Other materials science stories that may be of interestPublished on September 25th, 2012 | By: firstname.lastname@example.org
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(Nature) One of the greatest drivers of materials research today is its potential economic impact. And yet it is a sad fact that many materials science concepts developed in research laboratories will never become a commercial reality. Why is that? And what could be done to improve the commercial prospects of new materials? Answers to these questions may be found by venturing into the world of arts and consulting with social scientists. There are an increasing number of opportunities to explore these interfaces. One such opportunity was the inaugural Inspiring Matter conference held at the Royal College of Art in London in April. Artists, product designers, architects, scientists and social scientists provided insights into their involvement with the development and application of new materials. For example, Mike Davies, an architect known for his work on the Millennium Dome and the Pompidou Centre, proposed his vision of the future of buildings with biomimetic skins that respond to the environment, can harvest energy, and can understand and respond to the needs and moods of their inhabitants. And Bradley Quinn, a trend forecaster, presented new clothing concepts inspired by self-assembly, light- and heat-responsive materials and aerosol technology (spray-on clothing—see image above). Although some of these ideas might seem far-fetched, they reveal how, unconstrained by scientific trends or perceived limitations, potential new applications and commercial opportunities could be opened up by artistic and scientifically creative minds working together. Not only that, but art itself could benefit from artists increasing their knowledge of new materials and processes, as Nature Materials has explored previously.
(Physics) Running a finger over an irregular object is a good way to gauge its shape. In 1986, three scientists built a device to do essentially the same thing at the atomic level and published their results in Physical Review Letters. Using a tiny diamond stylus, their atomic force microscope traced out a surface with better than nanometer resolution. The device caught on quickly and with further improvements became a widely used laboratory tool for mapping surfaces with molecular precision, even for biological samples. In 1981, Gerd Binnig and Heinrich Rohrer of the IBM Research Laboratory in Zurich invented the scanning tunneling microscope. In this instrument, a sharp metal point, or “tip,” is held just above the surface of an object, close enough that a voltage induces a small current to flow across the gap between tip and surface through the phenomenon of quantum mechanical tunneling. If the tip, as it traverses an object, is moved up and down so as to keep the tunneling current fixed, its movements record the topography of the object’s surface. The earliest results had subnanometer resolution, enough to show surface features with single-atom dimensions; modern STMs can do much better. However, the STM can only scan objects that conduct electricity.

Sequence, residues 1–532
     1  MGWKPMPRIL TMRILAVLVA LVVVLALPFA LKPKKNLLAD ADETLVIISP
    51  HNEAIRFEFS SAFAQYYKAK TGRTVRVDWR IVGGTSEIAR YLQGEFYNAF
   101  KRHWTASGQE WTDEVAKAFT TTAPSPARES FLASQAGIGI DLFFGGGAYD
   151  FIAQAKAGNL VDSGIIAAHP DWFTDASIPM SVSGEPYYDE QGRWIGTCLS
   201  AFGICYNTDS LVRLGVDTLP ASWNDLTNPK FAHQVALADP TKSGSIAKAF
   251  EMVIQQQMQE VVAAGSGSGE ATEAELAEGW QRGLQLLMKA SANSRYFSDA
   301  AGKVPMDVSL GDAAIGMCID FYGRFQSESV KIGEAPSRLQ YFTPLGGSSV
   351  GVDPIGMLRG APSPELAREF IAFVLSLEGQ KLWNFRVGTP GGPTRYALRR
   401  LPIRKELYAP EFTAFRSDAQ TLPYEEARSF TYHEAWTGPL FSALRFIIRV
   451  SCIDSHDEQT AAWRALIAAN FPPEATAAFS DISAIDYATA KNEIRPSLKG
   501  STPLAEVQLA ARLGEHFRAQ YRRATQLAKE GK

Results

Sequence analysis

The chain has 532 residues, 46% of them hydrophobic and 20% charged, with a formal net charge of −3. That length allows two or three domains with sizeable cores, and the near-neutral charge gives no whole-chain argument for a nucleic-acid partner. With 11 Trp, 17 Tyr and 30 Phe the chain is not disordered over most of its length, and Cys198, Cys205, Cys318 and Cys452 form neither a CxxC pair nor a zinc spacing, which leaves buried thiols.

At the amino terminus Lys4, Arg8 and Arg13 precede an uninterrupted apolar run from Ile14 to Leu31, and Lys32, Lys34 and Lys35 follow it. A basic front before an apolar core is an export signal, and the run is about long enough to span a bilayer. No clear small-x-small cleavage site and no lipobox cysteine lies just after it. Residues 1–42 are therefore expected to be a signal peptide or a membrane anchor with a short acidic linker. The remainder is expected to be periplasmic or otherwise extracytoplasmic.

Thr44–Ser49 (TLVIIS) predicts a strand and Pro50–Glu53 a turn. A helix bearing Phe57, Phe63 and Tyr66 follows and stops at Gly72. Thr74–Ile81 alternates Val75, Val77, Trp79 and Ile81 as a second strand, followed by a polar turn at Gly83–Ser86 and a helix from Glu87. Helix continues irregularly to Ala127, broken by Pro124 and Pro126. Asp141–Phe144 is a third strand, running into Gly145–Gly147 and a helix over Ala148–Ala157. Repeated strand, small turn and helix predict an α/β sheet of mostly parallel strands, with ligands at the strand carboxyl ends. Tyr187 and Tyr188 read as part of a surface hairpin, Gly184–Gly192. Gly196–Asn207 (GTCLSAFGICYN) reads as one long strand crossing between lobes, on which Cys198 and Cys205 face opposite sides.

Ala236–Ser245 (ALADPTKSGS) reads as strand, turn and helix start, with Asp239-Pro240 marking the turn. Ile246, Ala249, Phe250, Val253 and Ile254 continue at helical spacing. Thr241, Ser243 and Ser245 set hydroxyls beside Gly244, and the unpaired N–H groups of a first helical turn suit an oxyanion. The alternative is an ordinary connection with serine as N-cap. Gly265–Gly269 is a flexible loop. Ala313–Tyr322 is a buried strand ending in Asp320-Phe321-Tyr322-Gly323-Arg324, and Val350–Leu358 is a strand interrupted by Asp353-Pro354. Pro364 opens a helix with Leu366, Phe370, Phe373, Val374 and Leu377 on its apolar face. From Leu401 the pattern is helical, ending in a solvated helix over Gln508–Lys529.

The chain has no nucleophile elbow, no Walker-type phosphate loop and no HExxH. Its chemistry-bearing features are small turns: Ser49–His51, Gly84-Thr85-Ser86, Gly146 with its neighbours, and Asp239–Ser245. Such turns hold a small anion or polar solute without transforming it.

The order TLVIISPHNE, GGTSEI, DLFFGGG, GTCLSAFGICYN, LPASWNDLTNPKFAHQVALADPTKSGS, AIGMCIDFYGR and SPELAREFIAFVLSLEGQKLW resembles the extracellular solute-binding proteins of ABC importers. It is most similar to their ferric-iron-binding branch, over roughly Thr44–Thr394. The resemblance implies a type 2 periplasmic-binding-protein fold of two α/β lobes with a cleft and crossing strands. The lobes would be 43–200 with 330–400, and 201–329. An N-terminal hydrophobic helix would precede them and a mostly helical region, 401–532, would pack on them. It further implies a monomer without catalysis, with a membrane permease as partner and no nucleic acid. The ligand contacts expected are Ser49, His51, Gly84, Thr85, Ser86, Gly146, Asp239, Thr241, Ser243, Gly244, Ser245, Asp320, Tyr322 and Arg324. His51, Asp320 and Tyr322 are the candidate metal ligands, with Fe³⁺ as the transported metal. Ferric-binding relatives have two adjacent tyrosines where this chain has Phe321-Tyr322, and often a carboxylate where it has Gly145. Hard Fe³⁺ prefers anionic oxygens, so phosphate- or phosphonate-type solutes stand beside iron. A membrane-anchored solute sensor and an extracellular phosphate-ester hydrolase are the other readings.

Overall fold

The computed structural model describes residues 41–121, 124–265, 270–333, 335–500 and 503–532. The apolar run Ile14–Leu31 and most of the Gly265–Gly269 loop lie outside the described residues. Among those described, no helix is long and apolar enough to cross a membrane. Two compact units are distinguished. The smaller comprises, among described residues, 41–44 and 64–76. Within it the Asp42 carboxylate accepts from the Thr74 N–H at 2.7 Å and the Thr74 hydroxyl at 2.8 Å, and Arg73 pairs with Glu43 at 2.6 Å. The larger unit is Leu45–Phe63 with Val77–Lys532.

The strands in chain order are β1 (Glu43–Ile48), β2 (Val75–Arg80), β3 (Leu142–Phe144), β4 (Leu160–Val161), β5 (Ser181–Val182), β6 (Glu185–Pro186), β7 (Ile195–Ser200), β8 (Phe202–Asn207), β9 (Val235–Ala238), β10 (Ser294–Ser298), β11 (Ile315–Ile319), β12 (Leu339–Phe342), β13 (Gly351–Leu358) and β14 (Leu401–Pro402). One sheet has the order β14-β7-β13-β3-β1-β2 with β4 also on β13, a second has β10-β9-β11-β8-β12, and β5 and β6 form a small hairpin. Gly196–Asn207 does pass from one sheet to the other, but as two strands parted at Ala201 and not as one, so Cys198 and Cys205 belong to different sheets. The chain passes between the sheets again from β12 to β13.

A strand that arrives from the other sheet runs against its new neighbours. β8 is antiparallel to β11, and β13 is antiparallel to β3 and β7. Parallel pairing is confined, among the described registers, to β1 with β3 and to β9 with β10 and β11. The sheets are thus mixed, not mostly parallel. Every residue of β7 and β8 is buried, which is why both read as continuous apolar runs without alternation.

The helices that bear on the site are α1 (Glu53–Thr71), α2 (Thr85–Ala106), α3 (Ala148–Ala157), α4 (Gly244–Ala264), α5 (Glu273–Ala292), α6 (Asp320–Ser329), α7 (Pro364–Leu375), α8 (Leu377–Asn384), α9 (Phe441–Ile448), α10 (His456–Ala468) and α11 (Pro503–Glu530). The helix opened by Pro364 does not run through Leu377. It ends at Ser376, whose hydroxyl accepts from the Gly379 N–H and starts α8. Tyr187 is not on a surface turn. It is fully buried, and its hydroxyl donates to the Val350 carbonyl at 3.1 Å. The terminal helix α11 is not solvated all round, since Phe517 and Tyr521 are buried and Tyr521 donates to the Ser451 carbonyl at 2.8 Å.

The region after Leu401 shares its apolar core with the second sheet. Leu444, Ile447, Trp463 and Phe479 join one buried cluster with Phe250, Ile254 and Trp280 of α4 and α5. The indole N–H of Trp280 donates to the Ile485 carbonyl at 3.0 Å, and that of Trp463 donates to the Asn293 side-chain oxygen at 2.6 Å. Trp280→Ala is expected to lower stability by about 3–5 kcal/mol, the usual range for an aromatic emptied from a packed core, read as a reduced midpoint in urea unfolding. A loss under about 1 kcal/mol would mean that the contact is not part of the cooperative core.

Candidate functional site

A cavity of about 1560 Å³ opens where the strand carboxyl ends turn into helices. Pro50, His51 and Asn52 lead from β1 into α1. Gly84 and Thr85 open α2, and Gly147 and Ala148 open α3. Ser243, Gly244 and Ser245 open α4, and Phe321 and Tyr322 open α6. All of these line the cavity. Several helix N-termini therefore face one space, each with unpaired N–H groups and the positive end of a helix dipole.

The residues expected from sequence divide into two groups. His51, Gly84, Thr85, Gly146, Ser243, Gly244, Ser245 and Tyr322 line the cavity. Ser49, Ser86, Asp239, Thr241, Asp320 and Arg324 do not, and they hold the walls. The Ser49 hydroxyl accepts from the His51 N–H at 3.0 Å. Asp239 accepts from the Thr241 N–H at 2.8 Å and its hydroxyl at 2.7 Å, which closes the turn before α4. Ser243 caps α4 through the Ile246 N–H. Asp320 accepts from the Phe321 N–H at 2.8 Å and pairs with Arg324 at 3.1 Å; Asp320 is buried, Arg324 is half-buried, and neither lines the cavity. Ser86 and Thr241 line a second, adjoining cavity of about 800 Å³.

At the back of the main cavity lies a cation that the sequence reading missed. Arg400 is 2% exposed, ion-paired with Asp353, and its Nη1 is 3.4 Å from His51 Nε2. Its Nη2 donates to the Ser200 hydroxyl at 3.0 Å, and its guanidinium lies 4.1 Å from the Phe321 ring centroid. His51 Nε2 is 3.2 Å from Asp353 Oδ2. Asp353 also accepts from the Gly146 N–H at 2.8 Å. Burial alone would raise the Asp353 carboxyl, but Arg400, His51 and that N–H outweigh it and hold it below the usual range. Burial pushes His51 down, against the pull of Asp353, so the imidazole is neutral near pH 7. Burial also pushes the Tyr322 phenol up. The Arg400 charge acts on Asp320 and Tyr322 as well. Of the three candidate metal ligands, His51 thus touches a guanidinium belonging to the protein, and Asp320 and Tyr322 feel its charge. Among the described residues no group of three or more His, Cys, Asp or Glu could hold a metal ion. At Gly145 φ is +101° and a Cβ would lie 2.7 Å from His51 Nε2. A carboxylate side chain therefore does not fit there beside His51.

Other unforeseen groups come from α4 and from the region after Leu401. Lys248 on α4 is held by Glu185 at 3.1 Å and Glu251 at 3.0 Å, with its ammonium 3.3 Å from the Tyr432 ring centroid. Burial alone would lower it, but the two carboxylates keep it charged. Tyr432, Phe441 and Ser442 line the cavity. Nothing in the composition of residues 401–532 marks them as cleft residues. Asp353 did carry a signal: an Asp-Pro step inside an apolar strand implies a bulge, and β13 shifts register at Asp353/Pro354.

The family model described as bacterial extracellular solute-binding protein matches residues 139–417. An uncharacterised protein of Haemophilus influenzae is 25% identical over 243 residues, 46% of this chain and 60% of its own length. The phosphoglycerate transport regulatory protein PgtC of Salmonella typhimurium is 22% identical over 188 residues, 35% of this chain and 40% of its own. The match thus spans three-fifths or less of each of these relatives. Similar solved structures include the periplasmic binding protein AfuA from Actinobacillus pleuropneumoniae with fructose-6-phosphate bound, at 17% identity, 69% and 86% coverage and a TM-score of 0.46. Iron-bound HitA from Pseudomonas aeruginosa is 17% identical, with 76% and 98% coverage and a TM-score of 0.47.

As demand increases for lithium, the essential element in batteries for everything from cameras to automobiles, a researcher at Missouri University of Science and Technology is studying potential disruptions to the long-term supply chain the world’s lightest metal. Although the current dominant battery type for hybrid electric vehicles is nickel metal hydride, lithium-ion battery technology is considered by many to be the “power source of choice for sustainable transport,” says Ona Egbue, a doctoral student in engineering management. “Lithium batteries are top choices for high-performance rechargeable battery packs,” Egbue says. “Batteries make up 23 percent of lithium use and are the fastest growing end use of lithium.” The US is a major importer of lithium. The majority of known lithium reserves are located in China, Chile, Argentina and Australia. Together these regions were also responsible for more than 90 percent of all lithium production in 2010, not including U.S. production. “More than 90 percent of lithium reserves – what is economically feasible to extract – are in just four countries,” Egbue says. “The geopolitical dynamics of this distribution of lithium supplies has largely been ignored.”
Thanks to developments in 3D printing technology, Beauty the Bald Eagle has a new beak and a new lease on life. The bird, who was shot in the face by a poacher in 2005, was rescued by Jane Fink Cantwell of Birds of Prey Northwest. Thanks to Nate Calvin of Kinetic Engineering Group, Beauty can use her new polymer prosthetic to feed herself, preen, and drink. Working with Nate Calvin from the Boise tech company, Kinetic Engineering Group, Birds of Prey Northwest has helped to restore a classic American symbol to her former glory. Using the 3D CAD software, SolidWorks, KEG was able to model the new beak with the input of a number of wildlife experts.
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